It’s all about an endangered species of turtle, the continued propagation of which might not succeed if cattle are allowed to continue to graze in that area.

Is this a new development?

No way. Ranchers using open range throughout the west have come under increasing pressure over the past forty years, beginning with the passage of certain treaties by the United Nations to protect endangered species.

Activists have found working with the UN a much more tractable and efficient means than trying to deal with the ponderous and laborious congressional processes imposed by the U.S. Constitution.

None of these treaties have been ratified by Congress. They have been put in motion by presidential administrations – very quietly – in conjunction with similar movements in nations throughout the world.

The sign of the turtle, new age symbol for the land mass of North America, is ubiquitous in the international movement to nationalize all lands outside “sustainable” communities and reserve the wilderness as a roadless track meant for animals only.

Here is a succinct statement written by an expert observer:

In most communities, neither the victims, nor the proponents of sustainable development are aware that their plight is a part of a global agenda. Indeed, most would scoff at the idea. Nevertheless, the transformation of America is well underway, without public debate, or Congressional approval. From watershed, to ecosystem, to village, to city, to multi-county regions, to transboundary biospheres – the U.N. agenda is being systematically implemented – with the help of elected officials, paid for with the taxes of American citizens.” – Henry Lamb, “Why the Government is Grabbing Our Land” –

It appears that the enabling legislation most fortunate for this program of population reduction, control, and isolation is the Clean Water Act. Its provisions make it easy for federal bureaucrats to throw the full weight of the U.S. Government behind their policies, policies which will ultimately be enforced by troopers of the United Nations.

A quick approach to getting an understanding of the ideas behind this movement is to seek definition of the operant terms as defined by such agencies as the Environmental Protection Agency, UNESCO, Departments of Energy and Interior.

Sustainable communities –

Human Settlements –

Biospheres –

Wildways migration corridors –

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One riot, one Ranger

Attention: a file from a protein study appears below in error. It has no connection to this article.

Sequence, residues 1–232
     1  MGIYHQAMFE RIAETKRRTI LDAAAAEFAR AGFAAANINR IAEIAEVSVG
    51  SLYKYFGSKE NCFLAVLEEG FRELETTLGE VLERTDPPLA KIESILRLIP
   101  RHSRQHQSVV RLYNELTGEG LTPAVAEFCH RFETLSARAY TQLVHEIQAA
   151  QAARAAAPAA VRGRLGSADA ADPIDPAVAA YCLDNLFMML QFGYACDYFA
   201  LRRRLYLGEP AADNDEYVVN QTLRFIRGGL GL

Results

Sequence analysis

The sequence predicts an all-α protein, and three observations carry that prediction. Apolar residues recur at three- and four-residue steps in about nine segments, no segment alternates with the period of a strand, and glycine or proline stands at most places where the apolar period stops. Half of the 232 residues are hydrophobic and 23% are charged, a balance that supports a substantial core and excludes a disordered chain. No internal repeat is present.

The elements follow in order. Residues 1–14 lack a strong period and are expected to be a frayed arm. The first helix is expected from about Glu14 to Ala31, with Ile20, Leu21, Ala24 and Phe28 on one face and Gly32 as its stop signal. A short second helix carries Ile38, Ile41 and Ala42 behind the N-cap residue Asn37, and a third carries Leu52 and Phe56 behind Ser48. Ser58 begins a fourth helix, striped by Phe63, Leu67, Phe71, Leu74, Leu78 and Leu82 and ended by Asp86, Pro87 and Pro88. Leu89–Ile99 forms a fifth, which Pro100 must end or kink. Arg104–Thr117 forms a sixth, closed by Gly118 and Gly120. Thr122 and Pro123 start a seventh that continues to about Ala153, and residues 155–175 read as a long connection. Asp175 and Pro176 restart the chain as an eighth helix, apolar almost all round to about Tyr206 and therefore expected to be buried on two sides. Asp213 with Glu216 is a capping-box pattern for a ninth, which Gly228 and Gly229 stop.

Second in a series: How are narcotics warrants obtained?

‘He doesn’t know he’s right’

 The thing about the Ranger is he intimidates you by what he might know, and just doesn’t talk about – that’s his strong suit.  – veteran lawman

 McGregor – When police answered a call at 801 N. 3rd, the bleeding victim they found told them he got shot in the back while trying to “settle some s__t.” 

He said he had a problem with a man who lived at 107 Johnson St., a man he said had been selling dope to his brother.

 An offense report revealed how Jose Valdez went to see Shawn Johnson at his house. In the melee that followed, he alleged, Jason Saldana shot him in the rear shoulder with a .44 magnum.


Indian attack, plain and simple.

 That’s when retired Texas Ranger Steve Foster, who now serves as Chief of Police in this city, put a seasoned veteran on the case, one of a select group of perhaps a dozen narcotics officers in the state who wrote the book on how to work such a case – for all it’s worth.

Jose L. Coy, a retired Sergeant with the Department of Public Safety’s Narcotics Service, is presently a Special Investigator for the McGregor Police Department. Neither of the veteran lawmen returned a phone call placed to them. 

 In corporate parlance, his status would be that of a consultant. In the dime novels written about the old west, he would have been called a “hired gun.” Judges who read his affidavits of probable cause know better.

 Judges know his probable cause affidavits will stand up to the scrutiny of the defense bar, the appeals courts, and public opinion. They sign the paperwork that certifies there is a reasonable suspicion that evidence may be found on the premises to be searched, or the surrounding property. They furthermore authorize the arrest of the people he says may be found there, doing what he alleges, and that there should be no announcement of a search warrant or a knock at the door.

 There is a lot of sensitivity to the issue because of the debacle created when a rogue freelance cop named Tom Coleman perpetrated a huge fraud on the public at Tulia, Texas. It resulted in the incarceration of dozen of persons who were totally innocent of any violation of the law – all based on false allegations by a peace officer sworn to protect the people, to preserve their peace and dignity.